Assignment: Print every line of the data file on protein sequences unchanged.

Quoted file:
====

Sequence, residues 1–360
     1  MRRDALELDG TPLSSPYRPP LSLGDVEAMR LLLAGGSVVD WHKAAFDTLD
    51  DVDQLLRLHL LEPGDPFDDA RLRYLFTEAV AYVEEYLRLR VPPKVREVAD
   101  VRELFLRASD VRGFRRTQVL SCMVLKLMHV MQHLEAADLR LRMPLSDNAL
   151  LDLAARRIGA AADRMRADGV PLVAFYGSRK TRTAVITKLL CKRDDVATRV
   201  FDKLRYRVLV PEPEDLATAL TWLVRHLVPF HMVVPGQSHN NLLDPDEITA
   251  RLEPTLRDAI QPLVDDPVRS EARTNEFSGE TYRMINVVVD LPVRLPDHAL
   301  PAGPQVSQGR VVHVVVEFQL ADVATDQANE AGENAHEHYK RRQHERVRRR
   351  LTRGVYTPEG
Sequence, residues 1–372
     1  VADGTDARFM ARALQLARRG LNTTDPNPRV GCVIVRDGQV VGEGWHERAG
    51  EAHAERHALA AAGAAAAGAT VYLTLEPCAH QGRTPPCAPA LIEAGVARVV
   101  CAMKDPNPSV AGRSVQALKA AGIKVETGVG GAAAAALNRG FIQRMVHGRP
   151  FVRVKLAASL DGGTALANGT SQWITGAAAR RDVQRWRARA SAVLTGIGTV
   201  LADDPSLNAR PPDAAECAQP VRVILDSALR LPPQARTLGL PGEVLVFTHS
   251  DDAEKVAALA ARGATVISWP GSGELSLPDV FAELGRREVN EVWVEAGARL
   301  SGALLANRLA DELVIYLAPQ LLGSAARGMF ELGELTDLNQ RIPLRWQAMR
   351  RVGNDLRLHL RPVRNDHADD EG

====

Sequence, residues 1–360
     1  MRRDALELDG TPLSSPYRPP LSLGDVEAMR LLLAGGSVVD WHKAAFDTLD
    51  DVDQLLRLHL LEPGDPFDDA RLRYLFTEAV AYVEEYLRLR VPPKVREVAD
   101  VRELFLRASD VRGFRRTQVL SCMVLKLMHV MQHLEAADLR LRMPLSDNAL
   151  LDLAARRIGA AADRMRADGV PLVAFYGSRK TRTAVITKLL CKRDDVATRV
   201  FDKLRYRVLV PEPEDLATAL TWLVRHLVPF HMVVPGQSHN NLLDPDEITA
   251  RLEPTLRDAI QPLVDDPVRS EARTNEFSGE TYRMINVVVD LPVRLPDHAL
   301  PAGPQVSQGR VVHVVVEFQL ADVATDQANE AGENAHEHYK RRQHERVRRR
   351  LTRGVYTPEG
Sequence, residues 1–372
     1  VADGTDARFM ARALQLARRG LNTTDPNPRV GCVIVRDGQV VGEGWHERAG
    51  EAHAERHALA AAGAAAAGAT VYLTLEPCAH QGRTPPCAPA LIEAGVARVV
   101  CAMKDPNPSV AGRSVQALKA AGIKVETGVG GAAAAALNRG FIQRMVHGRP
   151  FVRVKLAASL DGGTALANGT SQWITGAAAR RDVQRWRARA SAVLTGIGTV
   201  LADDPSLNAR PPDAAECAQP VRVILDSALR LPPQARTLGL PGEVLVFTHS
   251  DDAEKVAALA ARGATVISWP GSGELSLPDV FAELGRREVN EVWVEAGARL
   301  SGALLANRLA DELVIYLAPQ LLGSAARGMF ELGELTDLNQ RIPLRWQAMR
   351  RVGNDLRLHL RPVRNDHADD EG